Enryakuji Amidadou Fort
See Enryakuji for more information.
The Amidadō-toride was the first fort site I came to in the Enryakuji temple-fortress complex. This site is so called because it is centred around the temple’s hall to Amida. The ruins here chiefly consist of dorui (earthen ramparts) and terraced areas which served as baileys. The site of the temple halls, including the reconstructed East Pagoda, were presumably the main bailey. The largest dorui segment can be found to the north of the Amidadō. There is also what looks like a tatebori (climbing moat) beneath here, but it could be something else since I found no other such trenches that day. To the south is a ridge with flattened spaces which overlooks the East Pagoda, which I also inspected. If military considerations were absolute then it would not be the case that the fort should be centred on the halls as opposed to on the elevated portion of the ridge, but the original temple structures were fortified where they stood. In this way the Enryakuji forts are very different from other mountaintop fortifications – those of the samurai. Nonetheless the use of tall and thick earthen ramparts is typical of medieval earthwork fortifications, and it was gratifying to find some at Amidadō-toride.
I felt a bit of an outsider snooping around for fort ruins whilst everybody else was busy praying or admiring the temple architecture. This area of the temple was mostly rebuilt in 1937. The use of the term ‘tower’ or ‘pagoda’ refers to two of the temple’s three main areas. This can lead to confusion. The East Pagoda is the temple’s eastern wing or portion, and the West Pagoda is its western zone. The wings were named for the pagodas which originally stood in them. The ‘Japan Experience’ confidently tells us that both pagodas, referring to the buildings themselves, are long gone, but in fact the East Pagoda itself was reconstructed in 1937 (largely out of concrete). The website says that erroneously despite showing the East Pagoda in their pictures. There’s probably confusion as to what the word ‘pagoda’ means here. Whilst most associate East Asian pagodas with tall and slender towers of usually an odd number of tiers, such as at Japan’s Hōryūji or China’s Dàyàntǎ (Giant Wild Goose Pagoda), there are many forms of pagoda. Different words associated with different forms are actually just words for the same structure, defined by function, in various languages. Dagoba (not uncoincidentally the name of a certain Jedi’s famous hermitage I'm sure) is Sinhalese, Stūpa is Sanskrit, and Chorten is Tibetan; they’re all fundamentally the same in their purpose. The Kanji / Hànzì is 塔, which is ‘tō’ in Japanese and ‘tǎ’ in Mandarin. Anything ending in 塔 in Japanese then is a type of pagoda (I have acquainted myself with most of the forms). The pagoda at Enryakuji is a tahōtō (多宝塔), a type of stūpa developed in Japan, and related to the also native hōtō (宝塔). Hōtō means ‘treasure tower’ and a tahōtō is a hōtō with an additional tier (the former is more common than the latter at full size). Other pagodas are described in terms of the number of their tiers: sanjū(no)tō, gojū(no)tō and so on. The word covering all forms in Japanese is 'buttō 仏塔', meaning 'buddha tower'. At Enryakuji the East Pagoda, albeit as a modern reconstruction, stands, but the West Pagoda does not.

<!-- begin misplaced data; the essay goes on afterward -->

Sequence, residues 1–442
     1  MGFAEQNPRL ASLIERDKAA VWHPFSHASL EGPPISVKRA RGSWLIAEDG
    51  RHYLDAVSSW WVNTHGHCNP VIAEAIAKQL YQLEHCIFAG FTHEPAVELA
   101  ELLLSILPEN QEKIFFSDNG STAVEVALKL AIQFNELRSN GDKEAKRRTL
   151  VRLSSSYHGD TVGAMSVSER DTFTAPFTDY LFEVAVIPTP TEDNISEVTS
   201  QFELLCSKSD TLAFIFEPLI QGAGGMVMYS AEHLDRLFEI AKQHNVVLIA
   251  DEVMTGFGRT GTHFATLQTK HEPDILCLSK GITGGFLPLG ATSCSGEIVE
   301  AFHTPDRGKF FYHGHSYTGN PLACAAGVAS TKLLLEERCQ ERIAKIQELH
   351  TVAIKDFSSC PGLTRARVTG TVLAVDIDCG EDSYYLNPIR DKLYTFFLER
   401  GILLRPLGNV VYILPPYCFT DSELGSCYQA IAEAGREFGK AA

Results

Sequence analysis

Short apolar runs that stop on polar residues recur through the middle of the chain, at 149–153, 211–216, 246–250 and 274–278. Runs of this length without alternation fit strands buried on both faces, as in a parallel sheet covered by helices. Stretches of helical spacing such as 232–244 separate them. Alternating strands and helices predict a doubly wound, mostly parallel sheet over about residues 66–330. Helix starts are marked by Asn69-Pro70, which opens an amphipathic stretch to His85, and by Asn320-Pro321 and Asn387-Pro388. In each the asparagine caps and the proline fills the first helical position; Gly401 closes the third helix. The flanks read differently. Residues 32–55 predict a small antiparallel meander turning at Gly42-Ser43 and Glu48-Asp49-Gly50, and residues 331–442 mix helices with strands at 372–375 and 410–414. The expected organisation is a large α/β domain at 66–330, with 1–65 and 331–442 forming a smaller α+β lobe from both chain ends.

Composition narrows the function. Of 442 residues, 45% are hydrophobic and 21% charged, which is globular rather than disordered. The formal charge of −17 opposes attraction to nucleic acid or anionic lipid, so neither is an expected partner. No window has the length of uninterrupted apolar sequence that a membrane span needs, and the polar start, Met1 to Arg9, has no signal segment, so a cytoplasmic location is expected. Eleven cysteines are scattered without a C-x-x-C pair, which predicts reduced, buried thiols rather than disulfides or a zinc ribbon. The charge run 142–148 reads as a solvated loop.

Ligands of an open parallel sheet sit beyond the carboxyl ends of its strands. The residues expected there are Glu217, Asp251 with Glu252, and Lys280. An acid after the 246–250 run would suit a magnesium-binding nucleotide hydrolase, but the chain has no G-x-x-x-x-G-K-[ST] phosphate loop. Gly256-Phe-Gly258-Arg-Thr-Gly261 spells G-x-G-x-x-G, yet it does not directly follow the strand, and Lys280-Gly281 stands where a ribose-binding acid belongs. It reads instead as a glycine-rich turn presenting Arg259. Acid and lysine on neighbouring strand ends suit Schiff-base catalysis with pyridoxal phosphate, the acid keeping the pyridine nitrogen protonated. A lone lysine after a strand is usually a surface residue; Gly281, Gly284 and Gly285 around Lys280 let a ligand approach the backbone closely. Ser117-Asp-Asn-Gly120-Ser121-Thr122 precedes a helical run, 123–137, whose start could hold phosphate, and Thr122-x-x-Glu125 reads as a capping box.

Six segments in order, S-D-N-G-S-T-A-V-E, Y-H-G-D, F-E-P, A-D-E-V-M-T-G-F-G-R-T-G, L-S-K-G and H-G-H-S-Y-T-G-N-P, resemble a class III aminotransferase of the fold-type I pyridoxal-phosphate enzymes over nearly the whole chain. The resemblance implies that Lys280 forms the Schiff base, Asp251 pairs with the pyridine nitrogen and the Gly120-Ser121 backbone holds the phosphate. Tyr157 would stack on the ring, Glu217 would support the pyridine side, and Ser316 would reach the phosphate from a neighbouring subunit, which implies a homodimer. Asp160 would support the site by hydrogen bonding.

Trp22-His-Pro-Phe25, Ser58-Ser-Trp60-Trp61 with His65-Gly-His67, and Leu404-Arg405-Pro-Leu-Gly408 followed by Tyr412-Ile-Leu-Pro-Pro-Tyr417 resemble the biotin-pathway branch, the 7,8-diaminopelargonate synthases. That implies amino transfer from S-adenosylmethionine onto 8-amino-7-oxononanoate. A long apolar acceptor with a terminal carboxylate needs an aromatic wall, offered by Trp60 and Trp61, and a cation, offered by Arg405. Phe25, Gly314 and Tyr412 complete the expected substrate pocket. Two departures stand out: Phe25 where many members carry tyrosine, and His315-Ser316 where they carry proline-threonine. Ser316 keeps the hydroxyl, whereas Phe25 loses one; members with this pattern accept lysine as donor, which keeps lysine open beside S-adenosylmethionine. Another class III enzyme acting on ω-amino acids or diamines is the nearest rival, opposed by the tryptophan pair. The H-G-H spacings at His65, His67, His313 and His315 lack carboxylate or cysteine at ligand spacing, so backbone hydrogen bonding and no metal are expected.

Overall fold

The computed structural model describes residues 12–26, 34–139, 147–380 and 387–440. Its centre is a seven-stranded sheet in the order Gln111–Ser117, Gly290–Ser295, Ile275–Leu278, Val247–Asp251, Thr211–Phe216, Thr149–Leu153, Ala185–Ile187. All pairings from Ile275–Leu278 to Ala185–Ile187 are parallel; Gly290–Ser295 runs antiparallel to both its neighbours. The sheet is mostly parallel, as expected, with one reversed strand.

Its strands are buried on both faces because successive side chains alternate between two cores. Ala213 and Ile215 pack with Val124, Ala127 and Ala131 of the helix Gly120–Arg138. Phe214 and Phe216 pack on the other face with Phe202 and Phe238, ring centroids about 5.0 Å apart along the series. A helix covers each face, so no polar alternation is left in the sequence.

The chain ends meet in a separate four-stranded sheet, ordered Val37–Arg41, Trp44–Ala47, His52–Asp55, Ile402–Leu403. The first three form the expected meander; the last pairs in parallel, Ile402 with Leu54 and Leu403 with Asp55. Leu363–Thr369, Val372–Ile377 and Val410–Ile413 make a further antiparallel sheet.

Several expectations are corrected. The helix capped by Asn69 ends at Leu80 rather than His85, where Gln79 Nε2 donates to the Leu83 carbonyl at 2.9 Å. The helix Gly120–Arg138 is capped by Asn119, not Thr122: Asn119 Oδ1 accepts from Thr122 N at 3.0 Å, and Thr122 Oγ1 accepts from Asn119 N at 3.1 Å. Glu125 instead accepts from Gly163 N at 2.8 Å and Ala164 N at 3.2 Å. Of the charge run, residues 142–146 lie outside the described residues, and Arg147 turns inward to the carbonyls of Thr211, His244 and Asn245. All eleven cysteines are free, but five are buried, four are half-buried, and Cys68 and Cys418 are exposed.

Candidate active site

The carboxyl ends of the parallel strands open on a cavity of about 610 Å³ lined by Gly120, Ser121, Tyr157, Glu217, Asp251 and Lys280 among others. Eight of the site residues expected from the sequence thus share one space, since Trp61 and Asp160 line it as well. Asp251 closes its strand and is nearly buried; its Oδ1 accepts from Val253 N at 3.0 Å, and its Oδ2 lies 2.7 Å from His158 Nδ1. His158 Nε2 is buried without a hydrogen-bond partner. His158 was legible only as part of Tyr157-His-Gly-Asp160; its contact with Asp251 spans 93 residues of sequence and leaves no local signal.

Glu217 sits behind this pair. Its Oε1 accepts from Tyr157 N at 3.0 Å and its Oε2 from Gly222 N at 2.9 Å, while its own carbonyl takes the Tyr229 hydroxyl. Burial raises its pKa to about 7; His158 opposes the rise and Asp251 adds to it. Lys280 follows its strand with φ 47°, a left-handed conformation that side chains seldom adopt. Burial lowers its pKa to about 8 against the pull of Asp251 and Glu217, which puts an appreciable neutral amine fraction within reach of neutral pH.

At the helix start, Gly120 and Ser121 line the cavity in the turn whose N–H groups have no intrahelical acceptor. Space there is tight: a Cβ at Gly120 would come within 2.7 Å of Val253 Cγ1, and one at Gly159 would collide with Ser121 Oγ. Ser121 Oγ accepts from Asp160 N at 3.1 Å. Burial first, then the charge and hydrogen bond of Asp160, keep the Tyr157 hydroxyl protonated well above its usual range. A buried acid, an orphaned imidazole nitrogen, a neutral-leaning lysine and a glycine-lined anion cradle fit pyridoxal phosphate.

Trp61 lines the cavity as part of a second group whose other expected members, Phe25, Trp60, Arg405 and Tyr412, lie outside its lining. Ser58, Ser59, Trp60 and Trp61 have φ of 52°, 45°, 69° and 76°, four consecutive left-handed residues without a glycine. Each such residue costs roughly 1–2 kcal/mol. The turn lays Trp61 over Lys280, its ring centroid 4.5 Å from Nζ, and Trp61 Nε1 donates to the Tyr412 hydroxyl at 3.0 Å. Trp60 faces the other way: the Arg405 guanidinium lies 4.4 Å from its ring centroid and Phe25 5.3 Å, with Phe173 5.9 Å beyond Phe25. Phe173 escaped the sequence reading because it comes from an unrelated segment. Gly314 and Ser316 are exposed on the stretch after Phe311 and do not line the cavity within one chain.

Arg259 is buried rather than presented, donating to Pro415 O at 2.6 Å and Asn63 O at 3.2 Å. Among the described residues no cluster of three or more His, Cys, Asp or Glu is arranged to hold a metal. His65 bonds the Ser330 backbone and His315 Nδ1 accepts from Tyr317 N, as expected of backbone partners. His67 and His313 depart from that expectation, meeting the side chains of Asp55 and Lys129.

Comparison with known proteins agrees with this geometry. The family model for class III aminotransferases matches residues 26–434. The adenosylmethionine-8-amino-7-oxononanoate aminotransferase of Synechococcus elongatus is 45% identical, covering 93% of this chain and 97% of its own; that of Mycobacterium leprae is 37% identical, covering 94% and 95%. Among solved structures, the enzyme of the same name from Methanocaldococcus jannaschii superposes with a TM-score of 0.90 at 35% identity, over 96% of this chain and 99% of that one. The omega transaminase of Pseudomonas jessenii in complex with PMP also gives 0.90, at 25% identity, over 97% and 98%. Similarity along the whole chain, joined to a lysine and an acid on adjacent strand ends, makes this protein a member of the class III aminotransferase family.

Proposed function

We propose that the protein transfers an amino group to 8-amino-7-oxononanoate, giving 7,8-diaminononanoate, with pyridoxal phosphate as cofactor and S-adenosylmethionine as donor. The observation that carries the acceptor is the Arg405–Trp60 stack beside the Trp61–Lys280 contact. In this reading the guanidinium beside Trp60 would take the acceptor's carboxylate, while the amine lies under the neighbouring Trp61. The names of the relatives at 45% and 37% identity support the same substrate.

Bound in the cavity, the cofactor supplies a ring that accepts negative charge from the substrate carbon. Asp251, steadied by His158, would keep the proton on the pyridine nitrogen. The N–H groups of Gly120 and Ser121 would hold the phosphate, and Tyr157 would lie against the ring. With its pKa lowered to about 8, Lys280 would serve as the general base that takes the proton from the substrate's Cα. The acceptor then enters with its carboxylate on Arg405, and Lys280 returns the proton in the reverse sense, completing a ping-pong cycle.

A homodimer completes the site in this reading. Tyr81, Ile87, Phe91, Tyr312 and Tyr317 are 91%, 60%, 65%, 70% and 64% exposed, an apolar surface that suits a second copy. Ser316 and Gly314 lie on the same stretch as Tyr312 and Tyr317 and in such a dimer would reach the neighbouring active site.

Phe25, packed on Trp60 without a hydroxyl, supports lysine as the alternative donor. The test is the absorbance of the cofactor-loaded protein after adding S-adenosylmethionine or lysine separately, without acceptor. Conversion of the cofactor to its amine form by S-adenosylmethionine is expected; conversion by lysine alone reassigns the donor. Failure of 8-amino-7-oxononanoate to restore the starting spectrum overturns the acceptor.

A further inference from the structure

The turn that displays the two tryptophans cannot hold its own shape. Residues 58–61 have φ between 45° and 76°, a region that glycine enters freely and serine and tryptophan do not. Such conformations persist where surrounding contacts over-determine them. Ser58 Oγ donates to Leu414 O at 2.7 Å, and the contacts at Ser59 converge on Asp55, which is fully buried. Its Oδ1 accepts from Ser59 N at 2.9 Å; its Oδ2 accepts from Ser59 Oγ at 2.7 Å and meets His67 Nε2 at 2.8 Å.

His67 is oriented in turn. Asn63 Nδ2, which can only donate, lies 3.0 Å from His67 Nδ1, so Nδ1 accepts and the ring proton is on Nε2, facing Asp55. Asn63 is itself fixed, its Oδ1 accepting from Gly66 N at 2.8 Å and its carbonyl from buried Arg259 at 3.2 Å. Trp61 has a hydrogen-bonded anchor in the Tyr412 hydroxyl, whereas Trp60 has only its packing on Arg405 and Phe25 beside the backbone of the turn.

The Amidadō is connected to the Tōtō (East Pagoda) and other structures via a kairō (cloister, or roofed walkway), and one passes into the complex through an ornate gateway. There is also a shōrō (belfry) at the fort site. The terrain slopes from here and one descends to the site of Enryakuji’s main hall, the Konponchūdō. This is the end of the fort site. There is another fort site on the opposite side of the Konponchūdō, the Monjurō-toride (Enryakuji Monjurou Fort).
|Enryakuji Amidadou Fort
|No main keep but other buildings
|UNESCO World Heritage Site, has Important Cultural Properties, National Historic Site
|Pre Edo Period
|Tōtō (East Pagoda) (Reconstructed), Belfry, Dorui
|Yase-Hieizanguchi Station on the Eizan Line; Eizan Cable Car; Eizan Ropeway; Hike for 30 minutes to Enryakuji or bus; or, Sakamoto-Hieizanguchi Station on the Keihan Ishiyama-Sakamoto Line; Sakamoto Cable Car; or, Direct Bus via Kyoto Bus no. 51 or Keihan Bus no. 57 from Kyoto Station to Hieizan-cho.
|Yase Route is 1,420 yen in total, including Eizan Railway and shuttle bus one-way; Sakamoto Cable Car is 870 yen; direct bus is 770 yen.
|Ôtsu, Shiga Prefecture
|35° 4' 9.52" N, 135° 50' 16.55" E
|Added to Jcastle
|Admin Year Visited